The VM bug that delayed Linux-2.6.34-rc4

Arguably, the most complex area in Operating Systems is – memory management. i.e, managing the Virtual Memory (VM).

Linux-2.6.34-rc3 had been out on March 30 and after nearly 2 weeks, -rc4 has not yet appeared.And the reason? Well, we are going to look at it.

The anon_vma scalability patches submitted by Rik Van Riel was merged in the -rc1 phase. Borislav Petkov using -rc3 has hit on a bug causing crash while suspending to disk(hibernate). Linus chimed in suspecting this could be caused by the new scalable anon_vma linking code by Rik. The bug usually appears under severe memory pressure – Borislav explains that the procedure to consistently trigger the bug is to run 3 KVM guests, open firefox and load a huge html file, and try to s2disk – kaboom! Though he himself doubted that this could be a hardware issue since not many people observed it, Linus refused to agree with that because he himself has seen a similar OOPS in the Mac Mini his kids are using. So it is likely a real bug which needed to be identified and fixed. And the anon_vma code is very complex with various levels of locking and RCU usages, Linus wants to simplify mm/rmap.c considerably.

So the bug hunting began by Linus Torvalds and Rik Van Riel, joined by Johannes Wiener, Kosaki Motohiro and Minchan Kim – and every patch being tested by Borislav Petkov. After 10 days of debugging, flying many patches around, {,in}validating various theories, finding and fixing 3 other independent bugs (1, 2, 3) in the VM area (though second one may not be required), Linus came up with a new theory which he explains along with small patch. And, Borislav confirmed that his Netbook just survived more than 20 suspend cycles even under severe memory pressure.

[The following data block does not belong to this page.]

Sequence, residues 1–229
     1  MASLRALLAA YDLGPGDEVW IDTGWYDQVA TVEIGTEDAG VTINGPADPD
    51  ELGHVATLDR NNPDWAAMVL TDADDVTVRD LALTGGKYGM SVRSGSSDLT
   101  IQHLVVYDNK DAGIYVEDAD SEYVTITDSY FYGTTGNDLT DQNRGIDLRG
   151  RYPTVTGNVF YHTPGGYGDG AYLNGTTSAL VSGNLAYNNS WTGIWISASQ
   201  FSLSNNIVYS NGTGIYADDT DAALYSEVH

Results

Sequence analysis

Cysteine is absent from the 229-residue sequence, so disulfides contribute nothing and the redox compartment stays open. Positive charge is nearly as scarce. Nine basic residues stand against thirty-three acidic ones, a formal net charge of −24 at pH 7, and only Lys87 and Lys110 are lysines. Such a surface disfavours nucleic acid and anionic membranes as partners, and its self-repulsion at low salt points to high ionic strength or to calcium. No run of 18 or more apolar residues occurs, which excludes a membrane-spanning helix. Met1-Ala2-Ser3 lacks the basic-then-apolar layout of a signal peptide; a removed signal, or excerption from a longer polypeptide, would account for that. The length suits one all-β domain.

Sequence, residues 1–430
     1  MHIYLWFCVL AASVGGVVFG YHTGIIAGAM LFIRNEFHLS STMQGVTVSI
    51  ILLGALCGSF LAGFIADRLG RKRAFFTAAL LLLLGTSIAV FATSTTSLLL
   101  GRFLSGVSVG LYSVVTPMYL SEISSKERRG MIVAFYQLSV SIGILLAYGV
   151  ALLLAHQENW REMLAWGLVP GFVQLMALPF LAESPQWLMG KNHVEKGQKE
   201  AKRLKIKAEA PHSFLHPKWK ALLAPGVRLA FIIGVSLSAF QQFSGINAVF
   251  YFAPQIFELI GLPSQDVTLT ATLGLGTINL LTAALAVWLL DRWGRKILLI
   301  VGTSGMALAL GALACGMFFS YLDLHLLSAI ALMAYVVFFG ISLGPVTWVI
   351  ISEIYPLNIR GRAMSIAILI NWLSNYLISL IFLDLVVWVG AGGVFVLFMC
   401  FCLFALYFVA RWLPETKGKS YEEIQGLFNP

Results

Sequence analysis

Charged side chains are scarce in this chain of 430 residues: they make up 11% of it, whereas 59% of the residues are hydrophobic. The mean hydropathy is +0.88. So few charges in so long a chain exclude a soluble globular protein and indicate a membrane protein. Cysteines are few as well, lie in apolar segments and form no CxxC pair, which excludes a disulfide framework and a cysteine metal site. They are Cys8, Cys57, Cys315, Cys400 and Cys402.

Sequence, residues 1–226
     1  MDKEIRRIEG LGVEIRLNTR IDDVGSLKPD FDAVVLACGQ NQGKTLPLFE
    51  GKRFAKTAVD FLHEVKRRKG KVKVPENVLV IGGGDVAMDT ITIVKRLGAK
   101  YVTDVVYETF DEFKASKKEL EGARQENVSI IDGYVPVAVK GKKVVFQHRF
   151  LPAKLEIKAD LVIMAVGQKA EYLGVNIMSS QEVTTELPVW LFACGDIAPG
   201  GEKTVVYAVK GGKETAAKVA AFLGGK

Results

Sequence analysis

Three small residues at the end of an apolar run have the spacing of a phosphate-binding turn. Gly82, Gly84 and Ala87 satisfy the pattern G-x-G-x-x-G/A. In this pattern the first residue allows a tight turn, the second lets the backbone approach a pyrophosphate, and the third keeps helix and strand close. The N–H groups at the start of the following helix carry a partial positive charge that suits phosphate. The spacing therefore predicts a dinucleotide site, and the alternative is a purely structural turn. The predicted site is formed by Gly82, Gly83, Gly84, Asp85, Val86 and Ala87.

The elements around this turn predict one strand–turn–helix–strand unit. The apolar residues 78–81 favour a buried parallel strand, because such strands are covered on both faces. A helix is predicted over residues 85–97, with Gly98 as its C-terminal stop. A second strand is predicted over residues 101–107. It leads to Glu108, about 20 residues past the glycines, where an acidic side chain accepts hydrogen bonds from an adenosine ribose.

Had the bug not been isolated and fixed, Linus was planning to revert the whole anon_vma scalability patches, which didn’t sound good and that they’d drop their effort to fix it even when feeling so close to fixing it, didn’t sound good either. The whole 4 patches can now be found here – 1, 2, 3, 4. And with that, -rc4 is out in the wild.


Update: The-as-usual-excellent article:

Ext3 ‘data=guarded’ mode coming for Linux kernel 2.6.30?

In the light of recent “Ext3 fsync” problem related discussions happened in the Linux Kernel mailing list involving many experts in the field, there has been quite a few improvements. There were some patches from Theodore T’so – the Ext4 maintainer, Jens Axboe – the block layer maintainer, Chris Mason – the Btrfs developer et al. An overview of the discussion can be found at, here.